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First see this from the Washington Post:
What does it tell you when banks, investment houses, insurance companies and derivatives traders are so pleased with their regulators that they are prepared to pull out all the stops to keep them?
What it tells me is that the current system of financial regulation has been thoroughly captured by the companies it was meant to restrain — and that the only way to put things right is to bring in new rules, a new structure and tough new regulators. Anything short of that, and you can almost guarantee that the inmates will be back in charge of the asylum by the time the next bubble starts to develop. Judged by that standard, the proposals the Obama administration put forward this week to reform the regulatory apparatus were a bit of a disappointment…
Given that we have just gone through the worst financial crisis in 75 years, one would hope that the government’s response would be something more than an exercise in political triangulation…Instead, the Obama team, hoping to ride the wave of public outrage before it crested, determined to fashion a reform proposal even before a thorough analysis could be completed. And by deciding to contort and trim their proposal to accommodate the objections from powerful interest groups and key members of Congress, members of the Obama team have now made it politically acceptable for everyone to treat this as just another special-interest free-for-all of the sort that helped cause the crisis in the first place.
Now see this from the New York Times, “Obama’s Pledge on Donations Faces Reality”:
When President Obama arrived at the Mandarin Oriental hotel for a fund-raising reception on Thursday night, the new White House rules of political purity were in order: no lobbyists allowed. But at the same downtown hotel on Friday morning, registered lobbyists have not only been invited to attend an issues conference with Democratic leaders, but they have also been asked to come with a $5,000 check in hand if they want to stay in good favor with the party’s House and Senate re-election committees.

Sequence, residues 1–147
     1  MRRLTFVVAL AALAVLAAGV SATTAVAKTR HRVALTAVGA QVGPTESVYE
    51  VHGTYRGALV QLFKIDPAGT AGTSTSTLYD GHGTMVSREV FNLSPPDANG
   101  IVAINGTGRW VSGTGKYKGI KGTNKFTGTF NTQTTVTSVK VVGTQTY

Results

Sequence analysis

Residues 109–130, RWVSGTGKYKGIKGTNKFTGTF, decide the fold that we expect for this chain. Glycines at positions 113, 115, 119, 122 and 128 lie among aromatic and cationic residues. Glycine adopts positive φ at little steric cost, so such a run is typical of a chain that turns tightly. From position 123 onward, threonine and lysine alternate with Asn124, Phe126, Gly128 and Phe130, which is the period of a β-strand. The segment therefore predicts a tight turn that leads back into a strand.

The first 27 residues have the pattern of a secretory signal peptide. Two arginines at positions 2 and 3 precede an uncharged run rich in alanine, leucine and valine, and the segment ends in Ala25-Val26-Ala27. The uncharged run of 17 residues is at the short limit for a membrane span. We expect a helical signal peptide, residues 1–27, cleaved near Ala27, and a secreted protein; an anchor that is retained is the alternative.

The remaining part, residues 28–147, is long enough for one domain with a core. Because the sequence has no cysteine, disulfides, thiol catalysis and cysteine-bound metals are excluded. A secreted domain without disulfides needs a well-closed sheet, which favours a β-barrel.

The practicality of Mr. Obama’s pledge to change the ways of Washington is colliding once more with the reality of how money, influence and governance interact here. He repeatedly declared while campaigning last year that he would “not take a dime” from lobbyists or political action committees.
So to follow through with that promise, Mr. Obama is simply leaving the room.
More from Ken Silverstein:
Perspective — October 23, 2013, 8:00 am
How pro-oil Louisiana politicians have shaped American environmental policy
Postcard — October 16, 2013, 8:00 am
A trip to one of the properties at issue in Louisiana’s oil-pollution lawsuits
Trudy Lieberman reports on the failed promise of the Affordable Care Act, Sarah A. Topol explores Ukraine’s struggle for a national identity, Dave Madden spends a week in Hollywood’s toughest comedy club, and more
Percentage of Japanese and Italian men, respectively, who rate their kisses a 9 or a 10:
Babies prefer to look at attractive people.
A bag of headless goats was found on Long Island.
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“Shelby is waiting for something. He himself does not know what it is. When it comes he will either go back into the world from which he came, or sink out of sight in the morass of alcoholism or despair that has engulfed other vagrants.”